Jess Waugh is a third year Politics and International Relations student at Manchester who participated on the Global Graduates programme and reflects on her recent travels to New York City.
I applied for the Global Graduates scheme as it seemed like a great experience. When looking further into the programme, I saw that it was only for those who were in receipt of the full student loan and bursary, so I decided to apply, as these opportunities aren’t always open to those without easy access to money. On my course I was unable to study abroad due to financial restrictions, so I viewed the Global Graduates scheme as an opportunity to travel and learn in a different country. I successfully gained an interview for the New York programme and looking back I thought I completely fluffed! Thankfully, I received an email mid-June that I had been offered a place and I began to get myself ready for the trip in August.
The schedule was busy; over 20 visits throughout the week including IBM, the United Nations and NBC (the National Broadcasting Channel). Most of the businesspeople we met were Manchester alumni, so it was really interesting to see their journey working abroad and what helped them get there. One of the highlights of my trip was meeting alumni Simon Jowett of FDM who told us about his journey from Manchester, getting used to work and life in New York and useful tips for our professional careers. He kindly arranged a tour for us of the New York Stock Exchange, which was such an amazing experience.
The impact of the Global Graduates programme was immediate for me – as soon as I got back to University I applied for work experience, internships and I got involved in the radio station which will help demonstrate the skills I’ve learned on my CV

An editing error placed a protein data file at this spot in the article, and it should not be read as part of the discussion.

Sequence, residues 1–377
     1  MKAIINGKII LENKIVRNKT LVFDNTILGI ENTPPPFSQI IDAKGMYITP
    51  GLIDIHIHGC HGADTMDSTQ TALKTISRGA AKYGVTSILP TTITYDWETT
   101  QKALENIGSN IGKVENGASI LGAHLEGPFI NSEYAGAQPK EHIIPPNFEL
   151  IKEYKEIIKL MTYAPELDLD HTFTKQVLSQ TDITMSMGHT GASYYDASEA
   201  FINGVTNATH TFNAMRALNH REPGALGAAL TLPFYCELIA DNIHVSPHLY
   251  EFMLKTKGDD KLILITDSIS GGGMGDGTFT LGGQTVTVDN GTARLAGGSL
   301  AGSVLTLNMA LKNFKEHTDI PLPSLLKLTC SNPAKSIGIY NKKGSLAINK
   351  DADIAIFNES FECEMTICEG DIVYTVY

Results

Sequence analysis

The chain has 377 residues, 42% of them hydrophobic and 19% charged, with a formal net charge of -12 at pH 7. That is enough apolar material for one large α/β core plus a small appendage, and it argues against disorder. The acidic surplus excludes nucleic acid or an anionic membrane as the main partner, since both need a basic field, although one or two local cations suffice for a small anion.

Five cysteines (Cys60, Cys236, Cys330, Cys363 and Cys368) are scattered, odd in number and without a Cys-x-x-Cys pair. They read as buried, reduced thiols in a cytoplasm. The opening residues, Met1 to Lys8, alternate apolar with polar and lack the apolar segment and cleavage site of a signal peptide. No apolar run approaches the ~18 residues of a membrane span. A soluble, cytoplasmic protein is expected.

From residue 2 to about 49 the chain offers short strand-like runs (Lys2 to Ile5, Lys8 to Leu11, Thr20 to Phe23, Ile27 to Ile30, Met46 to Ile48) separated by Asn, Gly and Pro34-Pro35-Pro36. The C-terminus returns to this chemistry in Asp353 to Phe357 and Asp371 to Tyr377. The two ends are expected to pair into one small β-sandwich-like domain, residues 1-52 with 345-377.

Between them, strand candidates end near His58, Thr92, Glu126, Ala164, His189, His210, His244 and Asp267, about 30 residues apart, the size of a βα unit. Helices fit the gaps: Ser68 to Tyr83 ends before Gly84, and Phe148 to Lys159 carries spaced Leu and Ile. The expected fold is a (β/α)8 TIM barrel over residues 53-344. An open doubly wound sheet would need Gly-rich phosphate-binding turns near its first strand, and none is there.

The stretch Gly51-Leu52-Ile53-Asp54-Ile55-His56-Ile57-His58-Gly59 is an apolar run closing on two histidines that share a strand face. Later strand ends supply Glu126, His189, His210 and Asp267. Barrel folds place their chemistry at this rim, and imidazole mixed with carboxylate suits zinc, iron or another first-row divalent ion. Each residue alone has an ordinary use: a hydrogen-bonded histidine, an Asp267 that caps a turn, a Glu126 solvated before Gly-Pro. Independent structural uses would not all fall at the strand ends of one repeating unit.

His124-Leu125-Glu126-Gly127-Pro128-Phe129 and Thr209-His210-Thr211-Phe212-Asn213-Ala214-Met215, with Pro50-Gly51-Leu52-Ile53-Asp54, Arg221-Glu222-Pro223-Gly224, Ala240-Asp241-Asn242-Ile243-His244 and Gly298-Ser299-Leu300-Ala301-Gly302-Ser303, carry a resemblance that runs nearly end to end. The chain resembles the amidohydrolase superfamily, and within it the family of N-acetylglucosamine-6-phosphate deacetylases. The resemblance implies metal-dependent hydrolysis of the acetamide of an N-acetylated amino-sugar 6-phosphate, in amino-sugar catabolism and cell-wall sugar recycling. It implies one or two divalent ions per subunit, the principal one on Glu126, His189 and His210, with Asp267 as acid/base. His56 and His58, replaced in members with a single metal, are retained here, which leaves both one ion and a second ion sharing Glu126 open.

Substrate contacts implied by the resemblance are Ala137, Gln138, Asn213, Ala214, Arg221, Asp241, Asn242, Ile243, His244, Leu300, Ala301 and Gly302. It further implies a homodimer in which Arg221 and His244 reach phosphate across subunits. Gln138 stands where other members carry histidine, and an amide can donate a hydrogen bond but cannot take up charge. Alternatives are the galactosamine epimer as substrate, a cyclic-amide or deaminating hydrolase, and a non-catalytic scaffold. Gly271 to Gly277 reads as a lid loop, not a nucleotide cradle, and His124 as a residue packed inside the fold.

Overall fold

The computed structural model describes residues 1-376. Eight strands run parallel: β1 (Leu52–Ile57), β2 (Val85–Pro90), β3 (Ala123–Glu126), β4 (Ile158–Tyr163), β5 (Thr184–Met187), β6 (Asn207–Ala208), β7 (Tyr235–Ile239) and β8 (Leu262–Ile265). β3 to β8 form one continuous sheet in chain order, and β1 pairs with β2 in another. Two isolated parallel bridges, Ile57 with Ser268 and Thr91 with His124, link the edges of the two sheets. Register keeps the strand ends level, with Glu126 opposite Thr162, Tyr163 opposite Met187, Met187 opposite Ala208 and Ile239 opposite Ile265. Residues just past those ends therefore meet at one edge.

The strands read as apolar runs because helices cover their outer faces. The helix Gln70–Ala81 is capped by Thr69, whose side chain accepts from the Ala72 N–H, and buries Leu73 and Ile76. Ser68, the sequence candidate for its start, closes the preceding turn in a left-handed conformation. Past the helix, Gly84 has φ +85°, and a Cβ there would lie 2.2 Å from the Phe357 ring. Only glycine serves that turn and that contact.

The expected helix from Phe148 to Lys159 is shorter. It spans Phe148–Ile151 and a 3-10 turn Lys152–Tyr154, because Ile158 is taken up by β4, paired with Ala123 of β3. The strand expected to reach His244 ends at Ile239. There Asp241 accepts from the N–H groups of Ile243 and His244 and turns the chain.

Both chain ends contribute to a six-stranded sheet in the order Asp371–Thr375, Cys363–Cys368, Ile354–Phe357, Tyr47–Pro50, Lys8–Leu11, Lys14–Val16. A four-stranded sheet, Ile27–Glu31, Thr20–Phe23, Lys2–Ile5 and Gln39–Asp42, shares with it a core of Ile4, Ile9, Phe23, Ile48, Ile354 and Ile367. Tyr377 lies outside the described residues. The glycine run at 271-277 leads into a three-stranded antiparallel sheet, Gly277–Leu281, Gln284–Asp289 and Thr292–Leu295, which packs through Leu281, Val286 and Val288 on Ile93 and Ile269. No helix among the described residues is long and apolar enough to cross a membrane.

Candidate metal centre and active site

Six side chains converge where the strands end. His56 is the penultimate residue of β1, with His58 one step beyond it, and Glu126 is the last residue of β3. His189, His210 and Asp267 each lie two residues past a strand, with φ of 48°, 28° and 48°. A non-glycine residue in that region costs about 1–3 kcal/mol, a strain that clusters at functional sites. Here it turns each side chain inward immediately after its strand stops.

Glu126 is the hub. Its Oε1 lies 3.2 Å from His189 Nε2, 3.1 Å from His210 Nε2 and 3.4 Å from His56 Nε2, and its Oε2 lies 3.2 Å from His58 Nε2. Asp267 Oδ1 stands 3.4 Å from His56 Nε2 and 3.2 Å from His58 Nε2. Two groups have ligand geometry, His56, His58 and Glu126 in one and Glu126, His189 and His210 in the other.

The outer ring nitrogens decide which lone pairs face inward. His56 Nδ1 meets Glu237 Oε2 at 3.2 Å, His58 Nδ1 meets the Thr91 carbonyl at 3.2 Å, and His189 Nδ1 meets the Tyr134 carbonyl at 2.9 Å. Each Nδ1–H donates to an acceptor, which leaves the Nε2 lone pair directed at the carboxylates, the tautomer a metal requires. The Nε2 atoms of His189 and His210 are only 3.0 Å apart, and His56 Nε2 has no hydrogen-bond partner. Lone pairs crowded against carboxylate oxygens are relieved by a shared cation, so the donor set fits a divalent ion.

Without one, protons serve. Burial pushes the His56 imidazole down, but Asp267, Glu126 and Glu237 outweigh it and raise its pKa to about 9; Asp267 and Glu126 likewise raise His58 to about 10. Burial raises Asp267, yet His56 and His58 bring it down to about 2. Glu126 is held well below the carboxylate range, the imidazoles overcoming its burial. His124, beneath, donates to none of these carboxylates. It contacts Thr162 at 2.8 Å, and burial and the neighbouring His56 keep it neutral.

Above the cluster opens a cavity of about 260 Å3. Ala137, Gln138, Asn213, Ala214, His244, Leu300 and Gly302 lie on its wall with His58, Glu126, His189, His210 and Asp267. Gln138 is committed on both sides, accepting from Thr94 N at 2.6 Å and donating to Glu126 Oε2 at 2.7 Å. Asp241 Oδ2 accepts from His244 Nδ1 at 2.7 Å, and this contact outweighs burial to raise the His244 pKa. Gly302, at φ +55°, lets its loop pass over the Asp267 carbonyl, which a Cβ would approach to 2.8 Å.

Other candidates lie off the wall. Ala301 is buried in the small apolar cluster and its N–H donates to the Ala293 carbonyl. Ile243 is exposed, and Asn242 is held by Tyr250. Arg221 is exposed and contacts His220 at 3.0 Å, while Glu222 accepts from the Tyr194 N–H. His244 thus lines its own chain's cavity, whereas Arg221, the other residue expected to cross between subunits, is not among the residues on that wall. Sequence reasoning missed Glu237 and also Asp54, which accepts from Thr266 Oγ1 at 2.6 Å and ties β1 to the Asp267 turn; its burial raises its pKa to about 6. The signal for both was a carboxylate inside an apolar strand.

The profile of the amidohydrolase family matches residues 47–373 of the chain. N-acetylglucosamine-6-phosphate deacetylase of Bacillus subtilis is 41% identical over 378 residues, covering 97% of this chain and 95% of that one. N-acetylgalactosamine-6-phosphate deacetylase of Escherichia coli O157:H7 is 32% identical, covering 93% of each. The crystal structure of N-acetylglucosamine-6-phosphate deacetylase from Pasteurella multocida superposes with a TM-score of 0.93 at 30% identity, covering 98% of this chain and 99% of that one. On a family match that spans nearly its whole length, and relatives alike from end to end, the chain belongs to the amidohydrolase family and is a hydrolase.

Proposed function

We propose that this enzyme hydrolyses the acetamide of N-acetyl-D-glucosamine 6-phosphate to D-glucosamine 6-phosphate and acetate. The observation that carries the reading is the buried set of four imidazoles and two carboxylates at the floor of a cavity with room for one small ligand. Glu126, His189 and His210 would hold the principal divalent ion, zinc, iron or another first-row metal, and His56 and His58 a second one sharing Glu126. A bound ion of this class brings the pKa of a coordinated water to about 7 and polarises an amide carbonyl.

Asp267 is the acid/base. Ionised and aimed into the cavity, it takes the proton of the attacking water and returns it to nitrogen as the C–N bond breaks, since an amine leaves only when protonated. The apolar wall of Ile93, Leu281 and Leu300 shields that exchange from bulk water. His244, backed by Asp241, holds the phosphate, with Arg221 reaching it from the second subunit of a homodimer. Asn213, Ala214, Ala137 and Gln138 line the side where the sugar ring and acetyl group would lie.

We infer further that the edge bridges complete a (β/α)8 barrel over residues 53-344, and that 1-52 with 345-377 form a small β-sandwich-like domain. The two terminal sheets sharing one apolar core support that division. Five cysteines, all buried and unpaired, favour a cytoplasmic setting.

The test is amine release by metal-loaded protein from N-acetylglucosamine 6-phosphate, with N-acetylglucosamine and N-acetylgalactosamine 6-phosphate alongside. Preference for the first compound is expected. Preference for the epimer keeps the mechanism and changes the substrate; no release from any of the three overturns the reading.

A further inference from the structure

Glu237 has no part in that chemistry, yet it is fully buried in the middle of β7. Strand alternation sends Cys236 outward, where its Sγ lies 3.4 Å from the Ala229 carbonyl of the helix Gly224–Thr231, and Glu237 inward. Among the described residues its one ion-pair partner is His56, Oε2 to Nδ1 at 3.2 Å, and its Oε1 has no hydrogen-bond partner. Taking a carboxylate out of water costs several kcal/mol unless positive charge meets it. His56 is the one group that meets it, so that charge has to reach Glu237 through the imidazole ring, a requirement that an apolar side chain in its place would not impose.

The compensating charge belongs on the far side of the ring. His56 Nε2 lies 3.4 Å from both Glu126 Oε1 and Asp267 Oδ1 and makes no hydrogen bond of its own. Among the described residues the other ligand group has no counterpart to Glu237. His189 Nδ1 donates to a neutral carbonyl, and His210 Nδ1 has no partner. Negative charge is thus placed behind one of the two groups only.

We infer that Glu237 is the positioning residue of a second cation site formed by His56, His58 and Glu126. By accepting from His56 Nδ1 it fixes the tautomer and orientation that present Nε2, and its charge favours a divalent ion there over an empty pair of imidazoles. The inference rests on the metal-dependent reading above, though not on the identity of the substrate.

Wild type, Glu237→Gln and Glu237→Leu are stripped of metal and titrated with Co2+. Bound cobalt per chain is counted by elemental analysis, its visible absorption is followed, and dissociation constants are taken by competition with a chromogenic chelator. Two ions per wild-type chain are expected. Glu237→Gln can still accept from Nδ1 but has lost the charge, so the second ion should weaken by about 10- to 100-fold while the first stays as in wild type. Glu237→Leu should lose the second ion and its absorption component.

I think one of the most important things I learned on the trip was the skill of networking, making sure you make contacts with whoever you meet as you never know how that might help you in the future. Although lecturers (especially in Politics) tell us this in university, I think actually being in a situation like this made me realise how important it actually is. Another thing I reflected on was how important experience actually is (yet another tip told to us in university and college). Since returning from the Global Graduates programme I have become more involved on campus, including being an active member in the Politics Society and the student radio station, as well as securing a summer internship. I feel that this experience has really helped with my confidence in a professional setting, and I am so grateful that this opportunity is available for students like me.
It was nice to also know that almost every person we met hadn’t got to where they were in a linear fashion. Choosing to study a non-vocational subject like Politics, it was so great to see that I shouldn’t be worrying if I don’t have a career path decided straight away.
New York City is a phenomenal city – the scale of it isn’t comparable to anywhere else I’ve ever been. Without the programme I doubt I would have been able to afford to go on my own, so it was really great to be able to experience a city of that size. Outside of visiting with alumni and various businesses, we were able to see a few of the sights. I managed to see an American Football game (the New York Giants), go to the top of the Empire State Building and Rockefeller Centre, walk most of Central Park and go to the Natural History Museum. It was just a really great environment to see and learn in and I hope in the future my career may take me there again.
The impact of the Global Graduates programme was immediate for me – as soon as I got back to University I applied for work experience, internships and I got involved in the radio station which will help demonstrate the skills I’ve learned on my CV. Thank you for this fantastic opportunity!